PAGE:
When she declared her intention to study science and work with marine animals, “my mom was baffled,” she says. “I was always good at English and math. That was what I was supposed to do. My mom said, ‘You just want to swim with dolphins.’ It took a while before she knew I was serious.” (Her brother Andy, now in the Air Force, encouraged her ambitions with a typical big-brother challenge: “He said, ‘I’ll take you up in my airplane, and you’ll take me down in your shark tank,'” Popiel says, laughing.)

At the University of Texas at Austin, Popiel first studied environmental science, then changed her major to marine biology, spending some time at the university’s field station in Port Aransas. By the time she graduated in 1997, she had a thorough grounding in marine ecology with an emphasis on fishes and mammals of the Texas coast. Meanwhile, several seasons as a summer- camp counselor, teaching horse-
back riding, gave her some experience in working with animals, “managing people and developing skills with my co-workers.”

At SeaWorld of San Antonio, she remembers her first time in the water with a whale. “It lasted all of five seconds,” she says with a laugh. “I got in the pool and got right back out again. Then I spent three months developing a relationship with that whale.” Adult killer whales average between 18 to 20 feet in length and can weigh anywhere from 3,000 to 12,000 pounds. Their cruising speeds may be leisurely, but they can swim up to 30 mph.

“Seeing how large they are, how they move, you gain an instant appreciation for this magnificent, awesome creature,” Popiel says. Much of a trainer’s time is spent observing the whales, “getting to know them” either one-on-one or in a group setting. “The shows are the tip of the iceberg,” she says. “They’re only a small portion of our day.”

There is one common misconception about the work she does. “People think that what they see in the show is not what whales are really like,” Popiel says. “Trainers make it look like fun and play, but (whales) do these kinds of things even when there’s no music, no audience. The shows just cap off what we do in a regular day.”

For the trainer, that’s no day at the beach. Swimming along with some of the world’s largest and most powerful animals can be “physically tiring,” Popiel says. Each of the trainers has a personal fitness routine to keep in shape for their challenging jobs; hers is to run five miles or more every morning. “I really enjoy my downtime,” she says, “going out to dinner or to see a movie, heading downtown to the River Walk. (The dog she shares with a roommate is housetrained, but doesn’t perform any astonishing feats: “I tried to teach him to roll over once, for about five minutes,” she says, “but he just kind of looked at me.”)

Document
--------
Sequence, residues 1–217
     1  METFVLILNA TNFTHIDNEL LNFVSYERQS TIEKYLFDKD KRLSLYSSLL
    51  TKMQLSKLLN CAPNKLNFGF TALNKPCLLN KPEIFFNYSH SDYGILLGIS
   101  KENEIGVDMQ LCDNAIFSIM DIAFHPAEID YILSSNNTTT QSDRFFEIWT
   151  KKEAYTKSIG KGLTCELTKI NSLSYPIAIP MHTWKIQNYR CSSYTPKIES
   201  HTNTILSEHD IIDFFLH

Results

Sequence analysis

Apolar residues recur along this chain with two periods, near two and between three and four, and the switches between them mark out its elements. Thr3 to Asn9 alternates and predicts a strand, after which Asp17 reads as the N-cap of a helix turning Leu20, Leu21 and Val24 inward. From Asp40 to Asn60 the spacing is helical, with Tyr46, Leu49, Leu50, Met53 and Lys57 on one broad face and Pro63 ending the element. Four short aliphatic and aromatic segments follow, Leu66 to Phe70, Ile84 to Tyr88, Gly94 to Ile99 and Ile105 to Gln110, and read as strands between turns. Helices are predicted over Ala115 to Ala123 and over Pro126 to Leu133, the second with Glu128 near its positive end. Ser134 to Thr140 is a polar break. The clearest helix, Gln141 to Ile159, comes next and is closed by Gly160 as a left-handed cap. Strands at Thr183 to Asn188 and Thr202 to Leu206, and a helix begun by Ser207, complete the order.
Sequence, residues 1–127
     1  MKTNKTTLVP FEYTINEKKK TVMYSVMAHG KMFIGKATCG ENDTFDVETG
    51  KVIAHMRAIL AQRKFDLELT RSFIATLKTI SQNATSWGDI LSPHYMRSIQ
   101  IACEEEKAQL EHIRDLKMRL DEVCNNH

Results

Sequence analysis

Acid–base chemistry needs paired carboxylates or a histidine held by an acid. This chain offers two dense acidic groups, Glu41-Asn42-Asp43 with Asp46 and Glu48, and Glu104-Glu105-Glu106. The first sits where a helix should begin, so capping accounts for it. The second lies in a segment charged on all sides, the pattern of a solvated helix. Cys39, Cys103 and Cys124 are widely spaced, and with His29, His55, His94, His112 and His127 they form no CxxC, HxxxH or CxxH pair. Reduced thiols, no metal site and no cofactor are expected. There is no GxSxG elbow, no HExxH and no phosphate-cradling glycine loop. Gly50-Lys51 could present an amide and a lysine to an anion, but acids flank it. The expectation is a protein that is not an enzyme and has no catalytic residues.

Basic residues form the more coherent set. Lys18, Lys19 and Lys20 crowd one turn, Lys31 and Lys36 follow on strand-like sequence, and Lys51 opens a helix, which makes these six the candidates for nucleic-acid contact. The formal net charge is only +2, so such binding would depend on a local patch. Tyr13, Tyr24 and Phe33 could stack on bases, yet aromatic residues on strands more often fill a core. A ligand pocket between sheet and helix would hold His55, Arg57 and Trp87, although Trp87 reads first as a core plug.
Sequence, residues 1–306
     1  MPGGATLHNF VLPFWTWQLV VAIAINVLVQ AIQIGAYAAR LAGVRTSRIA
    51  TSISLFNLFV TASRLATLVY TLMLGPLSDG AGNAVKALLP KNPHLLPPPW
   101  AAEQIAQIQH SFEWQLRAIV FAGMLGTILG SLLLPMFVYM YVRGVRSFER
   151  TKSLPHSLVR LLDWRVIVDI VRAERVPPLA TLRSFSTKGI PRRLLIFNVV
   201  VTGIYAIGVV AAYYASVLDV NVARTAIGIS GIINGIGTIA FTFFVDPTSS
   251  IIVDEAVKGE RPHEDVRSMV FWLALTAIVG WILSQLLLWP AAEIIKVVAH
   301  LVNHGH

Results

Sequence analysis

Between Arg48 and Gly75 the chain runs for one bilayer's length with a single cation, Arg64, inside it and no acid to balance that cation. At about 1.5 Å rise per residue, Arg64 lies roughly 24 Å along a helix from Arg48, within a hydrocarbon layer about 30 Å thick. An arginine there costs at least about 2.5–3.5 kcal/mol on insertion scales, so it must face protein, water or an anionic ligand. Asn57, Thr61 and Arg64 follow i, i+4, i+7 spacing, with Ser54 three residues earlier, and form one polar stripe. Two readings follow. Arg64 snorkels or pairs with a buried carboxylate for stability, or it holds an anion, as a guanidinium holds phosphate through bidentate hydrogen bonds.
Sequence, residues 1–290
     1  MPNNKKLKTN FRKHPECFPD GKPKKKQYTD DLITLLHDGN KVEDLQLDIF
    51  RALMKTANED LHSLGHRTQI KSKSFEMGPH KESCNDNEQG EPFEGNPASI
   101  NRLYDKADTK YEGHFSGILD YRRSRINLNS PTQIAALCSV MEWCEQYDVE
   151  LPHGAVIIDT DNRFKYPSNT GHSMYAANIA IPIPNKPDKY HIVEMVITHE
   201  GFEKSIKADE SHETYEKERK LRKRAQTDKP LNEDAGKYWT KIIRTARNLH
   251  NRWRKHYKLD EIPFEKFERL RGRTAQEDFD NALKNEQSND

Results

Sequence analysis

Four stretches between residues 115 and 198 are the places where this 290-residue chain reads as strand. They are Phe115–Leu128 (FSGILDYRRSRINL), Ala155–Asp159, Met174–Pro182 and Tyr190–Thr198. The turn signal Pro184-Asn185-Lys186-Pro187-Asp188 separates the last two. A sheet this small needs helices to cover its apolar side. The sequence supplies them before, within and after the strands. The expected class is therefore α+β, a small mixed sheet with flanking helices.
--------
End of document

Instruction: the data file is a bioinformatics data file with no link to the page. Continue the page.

At work, some of her most memorable moments have been quiet ones, “floating in the middle of the pool, giving (a whale) a back rub, being aware of this strong, powerful animal that’s completely calm and relaxed with you. It’s times like this when you’re able to step back from everything going on and get an appreciation for what we can do.”

But it’s also tremendously satisfying to show off the results of their work. Popiel’s parents visit San Antonio at least once a year, and have watched their daughter thrill crowds in the 3,800-seat Shamu Stadium. “The first time they saw me, they were ecstatic,” she says, “seeing me do something I’d set my sights on so long ago. As much for them as for me, it was the realization of a dream.”

Even the off-season is an exciting time for Popiel and the other trainers. “It’s when we get to focus on teaching new behaviors,” she says. “We see different things every day. “It’s never the same thing twice.”

Looking ahead to her own future, she says, “I hope I’m still training whales. I love working with animals that can think on their own, and I hope I’m still dreaming up new ways to play with them.”

A special evening show, “Shamu Rocks Texas,” runs through Aug. 14 at SeaWorld of San Antonio. For schedules and other details, or to purchase tickets, call (800) 700-7786 or visit www.seaworld.com.

Author: Judy Alexander